Russell P. Butler, executive director of the Maryland Crime Victim’s Resource Center and former Maryland State Sentencing Policy Commissioner, said he was unsure why the numbers showed that more blacks were in prison but that the commission would benefit from creating a model that separates those who are likely to benefit from treatment and those that aren’t.
“The numbers are the numbers and I don’t know what anybody can do about that,” Butler said. “I’m not confident to say that’s a problem and anything other than those are the numbers.”
Over the last 25 years, Maryland’s prison population has tripled, according to the Maryland Department of Corrections.
High prison rates come at a great financial cost to the state, especially for those who repeatedly return to the corrections system. Last year, the state spent about $1.4 billion in maintaining prisons.
The problem requires more solutions than imprisonment, said one judge.
“I see more African-Americans than I see any other race and it’s more complicated than you may suspect,” said Maryland District Court Judge Emmanuel Brown, who said about two-thirds of the cases he hears are drug-related. “I’m not of the opinion that we should do one thing as opposed to another. We have to work in concert with health care as well as the criminal justice system to try to arrest this problem.”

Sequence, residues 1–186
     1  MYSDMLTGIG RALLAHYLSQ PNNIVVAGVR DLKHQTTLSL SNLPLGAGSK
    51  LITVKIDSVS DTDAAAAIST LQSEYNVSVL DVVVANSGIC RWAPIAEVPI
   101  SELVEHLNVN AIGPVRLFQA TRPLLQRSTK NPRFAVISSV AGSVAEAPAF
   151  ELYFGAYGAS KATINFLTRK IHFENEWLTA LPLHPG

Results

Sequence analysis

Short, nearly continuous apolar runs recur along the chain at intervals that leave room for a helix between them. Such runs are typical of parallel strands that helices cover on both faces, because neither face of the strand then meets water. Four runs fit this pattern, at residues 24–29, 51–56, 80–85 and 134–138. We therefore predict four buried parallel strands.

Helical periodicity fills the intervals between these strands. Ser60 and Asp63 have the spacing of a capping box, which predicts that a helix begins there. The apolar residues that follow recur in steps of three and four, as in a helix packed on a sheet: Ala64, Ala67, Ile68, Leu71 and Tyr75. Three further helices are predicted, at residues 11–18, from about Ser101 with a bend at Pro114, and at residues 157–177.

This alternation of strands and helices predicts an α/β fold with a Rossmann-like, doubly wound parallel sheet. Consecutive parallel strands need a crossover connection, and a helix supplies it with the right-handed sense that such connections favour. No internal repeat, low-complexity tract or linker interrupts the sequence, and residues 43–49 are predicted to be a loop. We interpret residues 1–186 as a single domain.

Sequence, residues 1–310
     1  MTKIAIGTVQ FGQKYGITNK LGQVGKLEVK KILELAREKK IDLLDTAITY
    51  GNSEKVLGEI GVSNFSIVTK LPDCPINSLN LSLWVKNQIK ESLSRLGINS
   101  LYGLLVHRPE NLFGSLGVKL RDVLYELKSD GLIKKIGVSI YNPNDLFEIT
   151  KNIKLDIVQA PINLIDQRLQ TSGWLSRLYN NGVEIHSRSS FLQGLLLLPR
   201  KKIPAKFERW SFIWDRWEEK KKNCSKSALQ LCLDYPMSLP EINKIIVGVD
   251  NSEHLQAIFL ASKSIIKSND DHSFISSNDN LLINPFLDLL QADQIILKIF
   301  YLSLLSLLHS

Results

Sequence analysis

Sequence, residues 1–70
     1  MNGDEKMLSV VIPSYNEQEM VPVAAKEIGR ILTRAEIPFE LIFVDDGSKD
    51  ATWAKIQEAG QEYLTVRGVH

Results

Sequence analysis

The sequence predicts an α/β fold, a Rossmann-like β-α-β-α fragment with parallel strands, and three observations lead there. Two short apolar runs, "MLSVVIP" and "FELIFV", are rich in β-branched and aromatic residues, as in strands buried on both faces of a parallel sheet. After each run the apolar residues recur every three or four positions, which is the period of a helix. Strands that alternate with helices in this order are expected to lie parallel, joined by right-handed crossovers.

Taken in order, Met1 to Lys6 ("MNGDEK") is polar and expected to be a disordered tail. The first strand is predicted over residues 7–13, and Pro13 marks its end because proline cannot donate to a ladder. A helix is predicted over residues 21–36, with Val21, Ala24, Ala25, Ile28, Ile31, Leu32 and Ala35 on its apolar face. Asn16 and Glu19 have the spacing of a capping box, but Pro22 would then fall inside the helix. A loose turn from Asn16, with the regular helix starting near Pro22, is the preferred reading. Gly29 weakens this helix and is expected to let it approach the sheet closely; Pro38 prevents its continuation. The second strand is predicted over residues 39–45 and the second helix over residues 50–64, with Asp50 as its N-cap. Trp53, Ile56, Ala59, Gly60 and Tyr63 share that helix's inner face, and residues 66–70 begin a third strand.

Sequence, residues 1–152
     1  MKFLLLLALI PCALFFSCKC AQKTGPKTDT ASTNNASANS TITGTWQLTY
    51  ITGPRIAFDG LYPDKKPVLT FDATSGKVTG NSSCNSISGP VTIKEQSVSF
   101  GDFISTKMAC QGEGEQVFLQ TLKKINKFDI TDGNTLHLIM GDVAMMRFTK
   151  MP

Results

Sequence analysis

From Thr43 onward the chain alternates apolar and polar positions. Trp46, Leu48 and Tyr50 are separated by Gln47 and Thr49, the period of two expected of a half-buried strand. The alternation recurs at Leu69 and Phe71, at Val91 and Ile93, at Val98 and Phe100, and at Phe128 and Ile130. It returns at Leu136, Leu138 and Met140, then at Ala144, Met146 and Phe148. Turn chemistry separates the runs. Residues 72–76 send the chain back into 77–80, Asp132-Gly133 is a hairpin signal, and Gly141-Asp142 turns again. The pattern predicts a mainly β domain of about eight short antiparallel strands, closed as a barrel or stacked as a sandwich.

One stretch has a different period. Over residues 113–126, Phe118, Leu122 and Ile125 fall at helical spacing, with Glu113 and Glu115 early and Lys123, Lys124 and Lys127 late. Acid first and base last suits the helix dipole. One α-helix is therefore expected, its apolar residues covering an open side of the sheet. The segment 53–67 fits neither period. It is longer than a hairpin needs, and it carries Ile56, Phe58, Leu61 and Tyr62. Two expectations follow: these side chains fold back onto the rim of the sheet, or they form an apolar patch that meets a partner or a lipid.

Many, like Brown, speculate there are many reasons why the disproportionate black population in prisons continues to trouble the state.
“Historically, it’s probably rooted in black history through the institution of slavery and the discrimination that followed,” LaFree said. “In some ways it’s sort of Sociology 101, things that strengthen the family, things that strengthen the economy, things that provide effective rehabilitation once people are in the criminal justice system, greater investment in kids in general, pretty much all of those things makes sense in eliminating the disparity.”
Many advocate a multi-pronged approach.
“States and counties have to make a commitment to do something about it — that involves training, that involves awareness, making public statements, cultural competency and de-incarceration, which is very difficult for some people to get their arms around,” Peterutti said.
In addition, the state doesn’t look at what does and doesn’t work in specific communities and isn’t experimental enough, LaFree said.
“There is certainly a subset of the incarceration population that can be handled through community supervision,” Soule said. “We’re incarcerating them at a cost that is pretty prohibitive and that really incarceration and focusing on those that pose the greatest public safety risk.”
Robinson knows the truth of that.
Robinson has made it her life’s mission to help prisoners in Maryland, and there is still much to do. Three years after her release, Robinson founded the National Women’s Prison Project, a 5-year-old, Baltimore-based organization that battles recidivism among women prisoners. In 2004, Robinson was named Baltimore City Paper’s “Best Activist.”
“The No. 1 priority for me would be to have a realistic viewpoint of the communities we live in — that means recognizing the breakdowns of so many systems,” Robinson said. “We’ve got to humanize people again by actually showing the realness of their situation. We’ve been too overzealous in imprisoning people.”